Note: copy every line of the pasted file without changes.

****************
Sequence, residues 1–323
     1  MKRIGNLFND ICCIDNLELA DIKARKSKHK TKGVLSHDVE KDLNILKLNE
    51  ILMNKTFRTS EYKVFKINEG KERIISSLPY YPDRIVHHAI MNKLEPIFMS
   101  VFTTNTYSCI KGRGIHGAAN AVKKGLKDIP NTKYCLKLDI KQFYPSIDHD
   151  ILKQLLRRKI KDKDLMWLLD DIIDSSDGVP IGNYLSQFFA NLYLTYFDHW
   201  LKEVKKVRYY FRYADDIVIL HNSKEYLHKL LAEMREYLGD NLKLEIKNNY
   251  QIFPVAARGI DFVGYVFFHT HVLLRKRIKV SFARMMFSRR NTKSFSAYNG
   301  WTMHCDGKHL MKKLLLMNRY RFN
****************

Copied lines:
Sequence, residues 1–323
     1  MKRIGNLFND ICCIDNLELA DIKARKSKHK TKGVLSHDVE KDLNILKLNE
    51  ILMNKTFRTS EYKVFKINEG KERIISSLPY YPDRIVHHAI MNKLEPIFMS
   101  VFTTNTYSCI KGRGIHGAAN AVKKGLKDIP NTKYCLKLDI KQFYPSIDHD
   151  ILKQLLRRKI KDKDLMWLLD DIIDSSDGVP IGNYLSQFFA NLYLTYFDHW
   201  LKEVKKVRYY FRYADDIVIL HNSKEYLHKL LAEMREYLGD NLKLEIKNNY
   251  QIFPVAARGI DFVGYVFFHT HVLLRKRIKV SFARMMFSRR NTKSFSAYNG
   301  WTMHCDGKHL MKKLLLMNRY RFN